• After the other vehicle charges the battery for a moment, turn the key in the ignition again to start your car.
    • Make sure you look for the cause of the dead battery. If you left a light on, no further repairs are necessary. If you didn’t leave anything on, the alternator may have failed.
  2. Replace the battery. If your battery has been allowed to die too many times, or has sat unused for a long time, it will likely need to be replaced. Use the appropriate sized wrench or socket to loosen the bolt holding the battery in place, as well as the bolts holding the positive (+) and negative (-) terminals in place.[10]
    • Slide the cables off the battery terminals, then pull the battery up and out of the engine bay.
    • Place the new battery in the battery tray and secure it using the tightening bolt. Then place the cables on the terminals and tighten them.
  3. Install new spark plugs. You should replace your spark plugs every 30,000 miles or anytime they look damaged or burnt. Disconnect the plug wire from the spark plug, then use a spark plug socket to unscrew and remove the old plug. Insert a gap tool into the space between the new spark plug and its electrode, and rotate the tool until it presses the electrode out to the recommended gap distance in your vehicle’s user or repair manual. Then insert the plug and tighten it using the spark plug socket.[11]
    • You can get a gap tool at your local auto parts store and find the appropriate gap information on your vehicle’s manufacturers website if you do not have the manual.
    • Repeat that process for all cylinders.
  4. Change out spark plug wires. It’s easy to replace your spark plug wires at the same time as the spark plugs. After disconnecting the wire from the plug, follow it back to the ignition coil pack, and simply disconnect it there too (pull it back away from the coil). Then plug the new wire to the coil, and then to the plug.[12]
    • Be sure to connect each new plug wire to exactly the same coil and spark plug as the old ones, otherwise the engine won’t run properly.
  5. Remove blown fuses. If something electrical stops working while the rest of the vehicle continues to operate, it’s likely the result of a blown fuse. Locate the vehicle’s fuse box or boxes using your owner’s manual, then follow the guide provided in the manual to locate the fuse that relates to whatever has stopped working. Remove the fuse with a pair of plastic tweezers or pliers and, if possible, inspect it for damage.[13]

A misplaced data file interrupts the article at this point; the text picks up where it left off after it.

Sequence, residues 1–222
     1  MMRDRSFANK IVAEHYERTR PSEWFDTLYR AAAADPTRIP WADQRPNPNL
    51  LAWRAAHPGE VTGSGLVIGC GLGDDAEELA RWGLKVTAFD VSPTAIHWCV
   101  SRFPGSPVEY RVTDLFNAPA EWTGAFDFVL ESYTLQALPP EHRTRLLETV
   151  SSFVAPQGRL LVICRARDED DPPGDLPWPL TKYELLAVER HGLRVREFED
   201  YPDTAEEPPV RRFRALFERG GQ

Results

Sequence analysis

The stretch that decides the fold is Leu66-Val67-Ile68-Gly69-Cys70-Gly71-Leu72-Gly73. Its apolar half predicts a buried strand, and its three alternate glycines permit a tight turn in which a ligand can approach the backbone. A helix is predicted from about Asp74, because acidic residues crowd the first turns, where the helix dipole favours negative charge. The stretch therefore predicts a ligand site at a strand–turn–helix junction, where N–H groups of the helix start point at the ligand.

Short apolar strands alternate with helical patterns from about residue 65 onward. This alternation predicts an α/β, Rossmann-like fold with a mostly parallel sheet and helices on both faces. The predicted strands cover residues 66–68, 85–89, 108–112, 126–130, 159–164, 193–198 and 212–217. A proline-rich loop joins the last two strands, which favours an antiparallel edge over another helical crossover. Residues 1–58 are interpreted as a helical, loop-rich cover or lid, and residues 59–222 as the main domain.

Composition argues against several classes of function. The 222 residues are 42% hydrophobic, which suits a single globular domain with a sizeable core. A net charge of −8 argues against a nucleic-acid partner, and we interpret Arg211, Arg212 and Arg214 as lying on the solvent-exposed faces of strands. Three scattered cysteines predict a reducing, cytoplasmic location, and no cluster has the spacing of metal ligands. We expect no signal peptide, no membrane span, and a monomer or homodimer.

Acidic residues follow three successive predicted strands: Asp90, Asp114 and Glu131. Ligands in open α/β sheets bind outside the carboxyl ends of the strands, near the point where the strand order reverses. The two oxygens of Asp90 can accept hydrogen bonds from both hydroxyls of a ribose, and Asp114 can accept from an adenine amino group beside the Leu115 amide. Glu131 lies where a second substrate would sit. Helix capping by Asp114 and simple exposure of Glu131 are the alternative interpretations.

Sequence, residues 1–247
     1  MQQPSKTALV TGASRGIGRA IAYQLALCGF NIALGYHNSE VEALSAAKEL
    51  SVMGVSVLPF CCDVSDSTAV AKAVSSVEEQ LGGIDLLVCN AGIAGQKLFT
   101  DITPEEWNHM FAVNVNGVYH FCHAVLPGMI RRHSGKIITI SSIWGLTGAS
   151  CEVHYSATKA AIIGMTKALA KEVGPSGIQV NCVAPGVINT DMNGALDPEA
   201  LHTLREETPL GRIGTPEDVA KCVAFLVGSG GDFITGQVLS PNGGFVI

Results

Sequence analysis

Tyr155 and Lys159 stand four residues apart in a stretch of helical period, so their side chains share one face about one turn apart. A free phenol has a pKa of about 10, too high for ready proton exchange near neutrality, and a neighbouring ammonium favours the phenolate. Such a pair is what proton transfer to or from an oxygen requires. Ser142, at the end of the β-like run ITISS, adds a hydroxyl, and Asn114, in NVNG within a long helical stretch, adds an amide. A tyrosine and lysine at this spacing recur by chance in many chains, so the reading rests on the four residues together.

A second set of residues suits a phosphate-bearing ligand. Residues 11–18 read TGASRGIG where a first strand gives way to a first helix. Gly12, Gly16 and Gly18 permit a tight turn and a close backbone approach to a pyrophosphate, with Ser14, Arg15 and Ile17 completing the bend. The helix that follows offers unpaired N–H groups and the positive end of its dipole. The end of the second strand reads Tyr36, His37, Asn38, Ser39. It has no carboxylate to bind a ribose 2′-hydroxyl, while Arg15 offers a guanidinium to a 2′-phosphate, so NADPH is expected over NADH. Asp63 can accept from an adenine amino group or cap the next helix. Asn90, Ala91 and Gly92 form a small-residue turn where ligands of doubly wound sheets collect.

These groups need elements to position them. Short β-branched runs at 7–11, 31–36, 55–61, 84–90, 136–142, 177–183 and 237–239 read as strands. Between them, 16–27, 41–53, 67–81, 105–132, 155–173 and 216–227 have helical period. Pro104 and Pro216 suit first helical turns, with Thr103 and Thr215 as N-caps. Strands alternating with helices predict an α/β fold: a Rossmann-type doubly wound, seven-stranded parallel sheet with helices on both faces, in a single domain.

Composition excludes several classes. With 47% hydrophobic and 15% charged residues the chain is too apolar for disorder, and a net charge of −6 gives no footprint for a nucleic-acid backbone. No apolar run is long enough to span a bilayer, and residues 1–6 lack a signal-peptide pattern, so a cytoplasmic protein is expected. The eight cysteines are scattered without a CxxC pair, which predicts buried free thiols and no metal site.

• Most fuses are clear so you can see if the connection inside is broken or burnt up.
    • Insert a new fuse in place of any blown ones.
    • If you don’t have the manual, you can find the fuse boxes and fuse diagrams in a model specific repair manual or on the manufacturer’s website.
  6. Swap out blown headlights and taillights. If your headlight bulb goes out, access it from behind the headlight assembly inside the engine bay. Unscrew the bulb and harness from the assembly, then pop the bulb out with your hand.[14] Don’t touch the new bulb with your bare skin as you insert it however, as the oil on your skin may compromise the bulb over time. To replace tail light bulbs, follow the same process from the trunk.[15]
    • Make sure you provide the clerk at the auto parts store with your vehicle’s exact year, make and model to ensure you’re given the correct replacement bulbs.
    • If you do touch the bulb with your skin, wipe it off with an alcohol pad or some rubbing alcohol before installing it.

Replacing Parts

  1. Put on your spare when you have a flat tire. A flat tire may be the most common form of auto repair you can run into. Make sure the vehicle is on a flat, solid (paved) surface and that you’re in a safe area. Use a tire iron to break all the lugnuts loose. Then, use a jack to lift the vehicle off the ground and slide a jack stand in next to it to ensure the vehicle can’t fall. Remove the lugnuts the rest of the way and remove the wheel from the vehicle.[16]
    • Slide the spare wheel and tire onto the lug studs and then use the lugnuts to hold the new wheel in place.
    • Lower the vehicle back to the ground and then tighten the lug nuts firmly.[17]